FIRST Lady Christine Kaseba says it is possible to have an HIV free generation.
And Dr Kaseba-Sata has paid tribute to late Nelson Mandela whom she described as “a hero of our times” and an ardent anti-HIV/AIDS campaigner.
Speaking during the official opening of the 17th international Conference on AIDS and sexually Transmitted Infections in Africa (ICASA) here yesterday, Dr Kaseba said an HIV-free generation is within reach.
“What a glorious day it will be for those of us who have been part of this journey and spent our adult lives working against HIV,’’ Dr Kaseba said.
She said African countries are investing in the AIDS response and it is paying off.
Dr Kaseba- Sata noted that fewer people are becoming infected with the HIV virus and more than seven million people are accessing antiretroviral drugs (ARVs).
The First Lady who was the guest speaker also noted the significant reduction of new HIV infections among children due to effective prevention of mother to child transmission.
“As we share the success stories of our past years, we should also learn from our mistakes. We should learn and move forward with confidence and never to repeat or delay efforts that clearly save lives,’’ Dr Kaseba said.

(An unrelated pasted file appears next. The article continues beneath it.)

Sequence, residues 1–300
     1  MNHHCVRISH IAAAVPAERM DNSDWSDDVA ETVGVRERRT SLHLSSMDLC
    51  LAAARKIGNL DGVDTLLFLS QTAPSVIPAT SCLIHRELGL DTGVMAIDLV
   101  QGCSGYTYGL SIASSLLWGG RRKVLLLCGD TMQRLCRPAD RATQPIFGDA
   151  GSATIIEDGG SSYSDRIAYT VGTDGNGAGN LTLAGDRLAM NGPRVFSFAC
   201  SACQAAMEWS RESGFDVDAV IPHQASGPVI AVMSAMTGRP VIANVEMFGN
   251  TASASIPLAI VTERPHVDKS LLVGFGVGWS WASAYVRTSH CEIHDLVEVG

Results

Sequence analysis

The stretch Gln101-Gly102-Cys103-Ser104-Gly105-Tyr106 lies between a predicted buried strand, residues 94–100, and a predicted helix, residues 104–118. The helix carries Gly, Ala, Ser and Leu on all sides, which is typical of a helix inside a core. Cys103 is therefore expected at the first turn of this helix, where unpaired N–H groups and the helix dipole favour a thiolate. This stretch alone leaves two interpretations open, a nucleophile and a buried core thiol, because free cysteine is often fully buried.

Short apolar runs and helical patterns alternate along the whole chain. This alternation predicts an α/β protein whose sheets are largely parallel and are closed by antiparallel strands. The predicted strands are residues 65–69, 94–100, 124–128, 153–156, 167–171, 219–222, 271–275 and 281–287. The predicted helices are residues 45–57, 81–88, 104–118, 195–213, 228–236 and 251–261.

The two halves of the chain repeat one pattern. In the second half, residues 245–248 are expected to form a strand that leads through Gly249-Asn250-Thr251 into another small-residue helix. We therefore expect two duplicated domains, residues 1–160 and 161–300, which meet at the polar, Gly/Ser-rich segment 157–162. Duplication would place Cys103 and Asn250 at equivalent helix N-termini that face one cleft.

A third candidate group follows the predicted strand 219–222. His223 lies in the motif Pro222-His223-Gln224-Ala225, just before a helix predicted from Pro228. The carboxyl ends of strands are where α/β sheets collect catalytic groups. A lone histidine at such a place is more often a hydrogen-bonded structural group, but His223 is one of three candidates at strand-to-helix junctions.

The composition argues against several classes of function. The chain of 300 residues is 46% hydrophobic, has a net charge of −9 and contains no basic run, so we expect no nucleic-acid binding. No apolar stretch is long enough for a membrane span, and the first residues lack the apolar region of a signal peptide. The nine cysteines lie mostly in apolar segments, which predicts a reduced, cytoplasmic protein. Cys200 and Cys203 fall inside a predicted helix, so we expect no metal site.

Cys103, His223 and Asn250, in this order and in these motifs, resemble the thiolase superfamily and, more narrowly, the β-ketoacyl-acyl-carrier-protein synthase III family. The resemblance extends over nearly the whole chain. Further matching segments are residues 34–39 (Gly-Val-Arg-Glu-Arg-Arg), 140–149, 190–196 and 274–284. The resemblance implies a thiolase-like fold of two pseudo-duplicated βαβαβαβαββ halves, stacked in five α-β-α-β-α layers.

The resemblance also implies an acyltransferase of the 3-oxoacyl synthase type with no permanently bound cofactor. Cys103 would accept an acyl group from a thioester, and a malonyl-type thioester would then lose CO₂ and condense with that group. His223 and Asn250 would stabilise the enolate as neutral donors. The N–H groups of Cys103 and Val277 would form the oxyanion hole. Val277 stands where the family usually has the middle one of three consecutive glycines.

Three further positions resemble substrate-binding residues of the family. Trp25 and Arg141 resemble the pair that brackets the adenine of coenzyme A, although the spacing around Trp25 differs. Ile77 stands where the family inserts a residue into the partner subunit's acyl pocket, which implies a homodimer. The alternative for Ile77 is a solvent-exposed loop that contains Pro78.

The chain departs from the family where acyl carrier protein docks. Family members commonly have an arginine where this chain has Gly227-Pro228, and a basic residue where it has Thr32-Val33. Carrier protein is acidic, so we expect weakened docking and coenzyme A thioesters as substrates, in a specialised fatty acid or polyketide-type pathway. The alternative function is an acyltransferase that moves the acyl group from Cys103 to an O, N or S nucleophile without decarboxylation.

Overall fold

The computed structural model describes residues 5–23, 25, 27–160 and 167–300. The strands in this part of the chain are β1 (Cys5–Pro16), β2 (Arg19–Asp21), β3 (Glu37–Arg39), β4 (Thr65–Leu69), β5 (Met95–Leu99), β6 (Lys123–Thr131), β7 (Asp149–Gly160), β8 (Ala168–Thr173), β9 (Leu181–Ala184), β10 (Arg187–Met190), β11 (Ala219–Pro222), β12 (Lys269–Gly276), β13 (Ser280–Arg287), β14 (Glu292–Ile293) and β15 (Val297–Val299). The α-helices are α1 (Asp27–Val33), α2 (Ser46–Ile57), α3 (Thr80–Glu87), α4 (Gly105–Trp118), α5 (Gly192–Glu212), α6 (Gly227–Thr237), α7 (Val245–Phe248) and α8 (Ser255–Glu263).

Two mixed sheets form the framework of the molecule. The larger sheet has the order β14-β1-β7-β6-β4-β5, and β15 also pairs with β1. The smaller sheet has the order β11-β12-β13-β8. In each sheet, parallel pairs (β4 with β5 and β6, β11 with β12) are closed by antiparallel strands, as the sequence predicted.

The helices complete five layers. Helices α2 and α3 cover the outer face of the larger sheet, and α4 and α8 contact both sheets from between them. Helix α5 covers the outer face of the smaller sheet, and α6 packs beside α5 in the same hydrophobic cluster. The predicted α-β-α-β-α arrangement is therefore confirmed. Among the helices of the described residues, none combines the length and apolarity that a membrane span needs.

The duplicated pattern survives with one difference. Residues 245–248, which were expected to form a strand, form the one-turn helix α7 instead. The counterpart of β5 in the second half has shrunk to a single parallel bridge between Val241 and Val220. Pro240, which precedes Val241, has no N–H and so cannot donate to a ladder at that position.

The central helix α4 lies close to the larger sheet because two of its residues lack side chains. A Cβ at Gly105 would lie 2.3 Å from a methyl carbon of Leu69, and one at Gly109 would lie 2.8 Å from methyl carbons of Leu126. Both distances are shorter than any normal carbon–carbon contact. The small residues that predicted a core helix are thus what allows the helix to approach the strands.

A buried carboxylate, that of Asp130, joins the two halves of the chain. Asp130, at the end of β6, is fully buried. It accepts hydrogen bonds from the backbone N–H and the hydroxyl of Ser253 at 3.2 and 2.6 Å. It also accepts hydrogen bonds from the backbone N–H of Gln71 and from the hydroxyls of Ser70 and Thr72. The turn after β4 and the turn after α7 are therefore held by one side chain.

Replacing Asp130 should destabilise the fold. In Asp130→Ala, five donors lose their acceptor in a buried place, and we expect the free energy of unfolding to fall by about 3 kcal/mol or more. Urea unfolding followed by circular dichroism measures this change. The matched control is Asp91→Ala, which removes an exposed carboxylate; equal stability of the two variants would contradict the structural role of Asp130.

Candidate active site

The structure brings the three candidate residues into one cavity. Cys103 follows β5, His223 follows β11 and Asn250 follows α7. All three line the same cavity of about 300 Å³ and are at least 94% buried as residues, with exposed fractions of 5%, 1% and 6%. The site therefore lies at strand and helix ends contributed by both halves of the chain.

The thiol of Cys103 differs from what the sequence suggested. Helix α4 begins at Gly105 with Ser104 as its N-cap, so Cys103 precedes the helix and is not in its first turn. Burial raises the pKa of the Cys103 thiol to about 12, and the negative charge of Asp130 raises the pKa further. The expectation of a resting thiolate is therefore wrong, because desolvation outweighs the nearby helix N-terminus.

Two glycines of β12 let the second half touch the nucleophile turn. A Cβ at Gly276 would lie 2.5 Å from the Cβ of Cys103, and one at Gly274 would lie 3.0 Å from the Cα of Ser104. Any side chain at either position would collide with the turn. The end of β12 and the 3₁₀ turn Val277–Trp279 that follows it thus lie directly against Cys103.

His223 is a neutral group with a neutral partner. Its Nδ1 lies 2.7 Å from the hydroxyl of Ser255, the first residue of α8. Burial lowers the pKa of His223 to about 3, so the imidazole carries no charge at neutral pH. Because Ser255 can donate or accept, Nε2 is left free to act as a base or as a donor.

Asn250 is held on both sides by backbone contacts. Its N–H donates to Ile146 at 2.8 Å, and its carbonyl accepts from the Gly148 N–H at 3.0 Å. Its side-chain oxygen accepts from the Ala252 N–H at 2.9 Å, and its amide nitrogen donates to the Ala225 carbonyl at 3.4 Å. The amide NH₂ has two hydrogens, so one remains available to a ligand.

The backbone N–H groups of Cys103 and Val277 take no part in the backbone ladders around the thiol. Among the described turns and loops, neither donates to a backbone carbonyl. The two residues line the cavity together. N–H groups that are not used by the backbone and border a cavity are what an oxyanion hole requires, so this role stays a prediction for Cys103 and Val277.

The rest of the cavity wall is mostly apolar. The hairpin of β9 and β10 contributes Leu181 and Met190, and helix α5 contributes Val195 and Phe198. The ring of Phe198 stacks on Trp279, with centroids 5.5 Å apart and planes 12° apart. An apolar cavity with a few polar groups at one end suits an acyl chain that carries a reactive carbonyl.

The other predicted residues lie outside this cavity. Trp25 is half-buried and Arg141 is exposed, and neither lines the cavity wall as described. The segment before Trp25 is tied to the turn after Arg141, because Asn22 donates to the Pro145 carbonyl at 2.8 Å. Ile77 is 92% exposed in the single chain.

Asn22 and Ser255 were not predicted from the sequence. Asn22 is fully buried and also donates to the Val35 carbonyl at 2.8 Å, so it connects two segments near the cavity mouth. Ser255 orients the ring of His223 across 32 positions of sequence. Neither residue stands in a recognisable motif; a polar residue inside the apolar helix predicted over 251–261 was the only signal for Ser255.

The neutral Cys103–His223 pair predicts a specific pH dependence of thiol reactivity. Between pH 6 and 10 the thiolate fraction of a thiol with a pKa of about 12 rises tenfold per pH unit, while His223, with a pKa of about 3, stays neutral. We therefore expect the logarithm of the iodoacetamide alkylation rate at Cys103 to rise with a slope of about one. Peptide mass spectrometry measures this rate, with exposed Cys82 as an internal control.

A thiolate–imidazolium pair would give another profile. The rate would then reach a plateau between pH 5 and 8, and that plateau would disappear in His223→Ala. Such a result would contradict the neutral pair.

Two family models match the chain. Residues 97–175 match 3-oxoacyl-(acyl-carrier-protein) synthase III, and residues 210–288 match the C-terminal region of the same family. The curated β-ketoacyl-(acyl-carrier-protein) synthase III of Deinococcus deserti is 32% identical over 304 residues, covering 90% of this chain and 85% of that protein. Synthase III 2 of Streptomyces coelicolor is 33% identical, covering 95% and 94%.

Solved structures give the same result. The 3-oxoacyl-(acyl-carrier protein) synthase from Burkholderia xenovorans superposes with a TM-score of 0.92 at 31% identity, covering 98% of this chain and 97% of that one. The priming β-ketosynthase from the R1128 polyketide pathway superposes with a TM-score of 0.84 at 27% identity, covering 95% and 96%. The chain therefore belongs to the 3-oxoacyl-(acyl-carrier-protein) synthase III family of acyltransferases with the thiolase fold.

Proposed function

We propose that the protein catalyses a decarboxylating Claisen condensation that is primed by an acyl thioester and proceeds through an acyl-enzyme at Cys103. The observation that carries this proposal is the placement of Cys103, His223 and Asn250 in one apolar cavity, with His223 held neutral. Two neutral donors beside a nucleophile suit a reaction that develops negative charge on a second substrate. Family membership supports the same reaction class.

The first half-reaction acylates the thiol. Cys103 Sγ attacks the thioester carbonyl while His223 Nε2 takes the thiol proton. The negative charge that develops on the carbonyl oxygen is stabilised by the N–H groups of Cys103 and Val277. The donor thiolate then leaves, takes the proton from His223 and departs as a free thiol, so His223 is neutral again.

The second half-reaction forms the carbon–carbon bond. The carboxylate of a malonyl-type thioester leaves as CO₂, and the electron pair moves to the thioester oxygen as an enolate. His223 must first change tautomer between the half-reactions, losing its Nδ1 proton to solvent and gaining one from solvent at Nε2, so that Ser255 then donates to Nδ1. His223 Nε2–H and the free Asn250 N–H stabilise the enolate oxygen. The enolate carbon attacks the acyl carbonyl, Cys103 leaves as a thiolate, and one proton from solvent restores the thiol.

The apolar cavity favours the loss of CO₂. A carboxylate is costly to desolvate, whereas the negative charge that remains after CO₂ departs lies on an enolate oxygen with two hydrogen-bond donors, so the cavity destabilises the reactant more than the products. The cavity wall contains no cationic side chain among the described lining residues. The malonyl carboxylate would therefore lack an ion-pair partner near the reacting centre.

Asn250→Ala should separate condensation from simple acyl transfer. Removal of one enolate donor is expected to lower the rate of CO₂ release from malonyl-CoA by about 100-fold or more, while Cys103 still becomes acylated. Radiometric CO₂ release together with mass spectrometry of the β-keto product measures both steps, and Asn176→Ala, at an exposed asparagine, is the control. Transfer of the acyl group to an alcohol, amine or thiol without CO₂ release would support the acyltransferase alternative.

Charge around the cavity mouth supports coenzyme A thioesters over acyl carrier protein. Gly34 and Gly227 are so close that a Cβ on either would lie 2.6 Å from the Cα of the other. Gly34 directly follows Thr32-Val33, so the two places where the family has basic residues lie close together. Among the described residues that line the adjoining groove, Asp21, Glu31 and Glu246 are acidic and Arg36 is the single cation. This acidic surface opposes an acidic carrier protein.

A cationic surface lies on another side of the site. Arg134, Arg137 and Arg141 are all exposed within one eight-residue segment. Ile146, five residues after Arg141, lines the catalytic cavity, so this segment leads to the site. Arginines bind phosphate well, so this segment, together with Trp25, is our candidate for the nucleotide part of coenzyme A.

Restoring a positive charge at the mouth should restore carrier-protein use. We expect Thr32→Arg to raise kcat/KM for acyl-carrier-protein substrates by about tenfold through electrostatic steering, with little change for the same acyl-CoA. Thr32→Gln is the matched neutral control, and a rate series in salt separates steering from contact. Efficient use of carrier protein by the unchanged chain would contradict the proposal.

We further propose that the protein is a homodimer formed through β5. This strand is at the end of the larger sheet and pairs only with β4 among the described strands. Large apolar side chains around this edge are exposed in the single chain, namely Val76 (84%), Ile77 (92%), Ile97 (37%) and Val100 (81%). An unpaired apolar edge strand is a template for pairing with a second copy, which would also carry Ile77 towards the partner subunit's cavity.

She called for increased investment in sexual reproductive health and access to these life-saving services.
Dr Kaseba said sexual reproductive health and HIV are interconnected, therefore, closer links will enable providers reach a wider audience.
She said investment in sexual reproductive health services will promote economic growth, and reduce poverty and gender inequality.
Dr Kaseba said the gains made in the fight against HIV/AIDS will not make an impact if women and children continue dying from pregnant related complications.
She said radical decisions must be made if Africa is to achieve zero infection, zero discrimination and zero AIDS related deaths.
Dr Kaseba said cervical cancer is another sexual evil which if not contained will consume a lot of women.
“How can we celebrate the decline of HIV/AIDS and yet turn a blind eye to reproductive health cancers,’’ she asked.
And World Health Organisation (WHO) regional director for Africa Luis Gomes Sambo noted that sub-Saharan Africa has remained the most affected as it accounts for 1.6 million out of the more than 2 million new infections, adding that the sub-region represents 75 percent of the HIV deaths.
And South African Vice-President Khalema Motlante said his Government was looking forward to exchange of ideas as countries target zero infections.
Mr Motlante noted that many countries have scaled up the fight against HIV despite financial challenges, adding that HIV prevention must be promoted because it is so far the best medicine in the fight against HIV/AIDS.
SOURCE: Zambia Daily Mail